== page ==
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Mistakes To Avoid When Cutting Costs In A Business

5 Mins read

Cutting costs as a business is often necessary, however it’s absolutely vital that the costs are cut in the right places, otherwise your business may end up in a worse position than before, rather than it being a positive for the business. We’re here with things that you need to consider when cutting costs, to make sure you’re still protecting your business. 


Making Blanket Reductions All At Once

When you’re making cuts, often it’s tempting to make consistent cuts across departments in order to simplify the project. However, this is one of the worst things you could do, as you may be cutting costs in an area that is actually working well for your business. So, you should put together a report including data from each department, then make an informed decision based on each part of your business about whether cuts are necessary and exactly where they should occur. This is not something that should be done quickly or in a rush, take your time and make sure the cuts are happening in the right areas. 

Focusing Too Much On Automation

Whilst automation can be useful for a business and it can definitely cut costs, it can also be detrimental to customer service in some cases, so pushing automation into all areas of your business to cut costs isn’t always the answer. The main area where automation can be problematic is in customer service, as it can be extremely frustrating for your customers to not be able to get into contact with a human customer services assistant.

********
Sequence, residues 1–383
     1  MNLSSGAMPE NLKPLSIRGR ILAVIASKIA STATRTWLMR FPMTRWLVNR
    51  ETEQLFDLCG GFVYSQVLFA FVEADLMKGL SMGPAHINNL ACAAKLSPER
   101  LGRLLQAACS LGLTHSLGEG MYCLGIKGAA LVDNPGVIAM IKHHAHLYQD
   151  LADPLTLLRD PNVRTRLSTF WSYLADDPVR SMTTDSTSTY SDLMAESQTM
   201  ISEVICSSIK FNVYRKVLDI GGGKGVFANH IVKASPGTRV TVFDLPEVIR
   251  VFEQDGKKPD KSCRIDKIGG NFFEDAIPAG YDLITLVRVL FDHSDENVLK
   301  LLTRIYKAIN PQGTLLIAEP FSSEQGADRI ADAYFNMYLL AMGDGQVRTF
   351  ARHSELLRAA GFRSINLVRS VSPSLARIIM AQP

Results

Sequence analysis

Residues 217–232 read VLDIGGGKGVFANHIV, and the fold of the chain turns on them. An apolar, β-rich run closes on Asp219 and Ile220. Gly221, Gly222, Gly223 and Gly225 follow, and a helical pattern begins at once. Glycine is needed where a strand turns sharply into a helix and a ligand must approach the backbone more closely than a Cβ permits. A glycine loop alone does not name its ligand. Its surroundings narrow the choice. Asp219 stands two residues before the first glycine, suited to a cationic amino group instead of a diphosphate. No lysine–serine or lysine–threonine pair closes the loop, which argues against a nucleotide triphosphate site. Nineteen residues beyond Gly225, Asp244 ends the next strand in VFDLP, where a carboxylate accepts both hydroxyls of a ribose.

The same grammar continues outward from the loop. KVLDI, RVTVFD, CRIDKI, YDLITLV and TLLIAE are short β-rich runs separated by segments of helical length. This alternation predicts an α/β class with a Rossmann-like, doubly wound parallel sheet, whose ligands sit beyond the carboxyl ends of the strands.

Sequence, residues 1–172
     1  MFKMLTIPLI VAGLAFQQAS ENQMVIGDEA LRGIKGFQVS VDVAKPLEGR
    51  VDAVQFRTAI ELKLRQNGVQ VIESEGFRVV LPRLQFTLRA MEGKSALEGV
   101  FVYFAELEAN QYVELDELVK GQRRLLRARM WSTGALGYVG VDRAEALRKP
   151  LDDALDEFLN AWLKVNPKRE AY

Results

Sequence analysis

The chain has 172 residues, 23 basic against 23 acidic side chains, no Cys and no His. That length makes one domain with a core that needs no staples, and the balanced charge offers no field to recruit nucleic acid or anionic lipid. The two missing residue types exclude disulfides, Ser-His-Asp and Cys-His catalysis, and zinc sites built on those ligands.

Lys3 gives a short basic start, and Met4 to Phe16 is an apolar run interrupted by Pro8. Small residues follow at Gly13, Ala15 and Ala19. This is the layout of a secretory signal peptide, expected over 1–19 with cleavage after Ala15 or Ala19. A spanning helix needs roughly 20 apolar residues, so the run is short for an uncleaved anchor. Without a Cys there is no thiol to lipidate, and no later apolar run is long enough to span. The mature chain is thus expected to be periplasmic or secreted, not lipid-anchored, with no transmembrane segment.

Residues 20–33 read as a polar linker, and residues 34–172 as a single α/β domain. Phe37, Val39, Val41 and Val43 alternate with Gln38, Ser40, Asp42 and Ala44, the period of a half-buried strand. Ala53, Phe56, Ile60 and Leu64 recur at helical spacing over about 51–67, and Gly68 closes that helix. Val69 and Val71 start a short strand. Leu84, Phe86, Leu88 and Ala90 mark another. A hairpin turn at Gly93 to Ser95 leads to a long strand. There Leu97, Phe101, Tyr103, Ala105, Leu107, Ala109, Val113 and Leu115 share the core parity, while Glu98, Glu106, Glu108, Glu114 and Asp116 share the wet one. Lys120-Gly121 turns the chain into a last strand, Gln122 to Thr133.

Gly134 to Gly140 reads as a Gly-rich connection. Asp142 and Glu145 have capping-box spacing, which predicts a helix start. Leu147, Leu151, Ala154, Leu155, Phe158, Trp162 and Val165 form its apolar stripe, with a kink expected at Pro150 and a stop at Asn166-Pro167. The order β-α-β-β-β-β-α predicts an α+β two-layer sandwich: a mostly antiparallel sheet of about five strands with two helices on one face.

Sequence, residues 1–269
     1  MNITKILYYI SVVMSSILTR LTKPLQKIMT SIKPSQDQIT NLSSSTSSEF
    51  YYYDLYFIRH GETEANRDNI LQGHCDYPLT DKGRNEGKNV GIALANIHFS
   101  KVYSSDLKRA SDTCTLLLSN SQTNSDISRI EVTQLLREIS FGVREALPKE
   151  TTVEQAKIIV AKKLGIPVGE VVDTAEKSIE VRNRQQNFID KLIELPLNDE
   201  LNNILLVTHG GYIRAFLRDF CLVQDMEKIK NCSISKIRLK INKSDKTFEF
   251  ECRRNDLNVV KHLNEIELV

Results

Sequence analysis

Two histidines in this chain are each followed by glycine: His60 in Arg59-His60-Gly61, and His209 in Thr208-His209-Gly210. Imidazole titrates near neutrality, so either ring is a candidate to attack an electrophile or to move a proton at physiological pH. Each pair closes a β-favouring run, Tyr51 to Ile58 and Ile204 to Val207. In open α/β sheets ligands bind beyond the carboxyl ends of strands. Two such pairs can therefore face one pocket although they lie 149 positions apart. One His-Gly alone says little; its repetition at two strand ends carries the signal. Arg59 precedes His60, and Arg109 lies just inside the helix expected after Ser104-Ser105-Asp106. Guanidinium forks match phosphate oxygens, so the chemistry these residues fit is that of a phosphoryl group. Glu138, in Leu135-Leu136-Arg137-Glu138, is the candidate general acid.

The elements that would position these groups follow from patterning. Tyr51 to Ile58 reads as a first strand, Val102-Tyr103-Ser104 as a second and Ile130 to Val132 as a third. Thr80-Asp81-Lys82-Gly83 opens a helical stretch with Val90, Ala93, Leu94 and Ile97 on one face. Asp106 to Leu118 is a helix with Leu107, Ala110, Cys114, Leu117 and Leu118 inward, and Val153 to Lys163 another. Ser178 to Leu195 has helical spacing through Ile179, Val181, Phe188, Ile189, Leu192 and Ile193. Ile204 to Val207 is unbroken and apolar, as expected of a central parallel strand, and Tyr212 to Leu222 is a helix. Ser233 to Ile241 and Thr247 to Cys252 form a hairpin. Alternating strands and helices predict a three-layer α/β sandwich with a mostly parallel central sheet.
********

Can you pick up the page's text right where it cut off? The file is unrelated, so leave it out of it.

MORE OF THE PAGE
Part of the process might be automated, such as an FAQ section where they can get more customised answers to their questions, but then being able to get in touch with a customer service representative quickly is important. In this case, less work for your business often results in the customer having to do more, which could put them off purchasing again if their issue can’t be resolved quickly. As we all know, it’s cheaper to retain a current customer than it is to bring a new one on board, so investing a bit more in your customer service to increase the chance of a customer shopping again is something worth doing. This largely focuses on customer service, however it’s vital that automation isn’t chosen as the primary response when cost cutting as it can impact all areas of a business negatively. 

 



Compromising On The Quality Of Your Service/Product

One of the most important things you need to consider when cutting costs in your business is to never compromise the quality of your service or product. Often the most obvious choice when it comes to cutting costs is to buy cheaper materials or reduce the quality of a service being offered. However, this is likely to negatively impact your business overall, reducing repeat custom, likely leading to people recommending your business less and overall whilst you may be cutting costs temporarily, you will be negatively impacting the longevity of your business. An example would be if you have a company selling natural skin care products, you may be able to cut costs by changing the formula slightly, however if you have a loyal customer base who regularly purchase, you could lose money in the long run. There may be ways to cut costs in your supply chain, however the key is to ensure this cost cutting doesn’t impact the quality in any way. 

Not Investing In Your Senior Team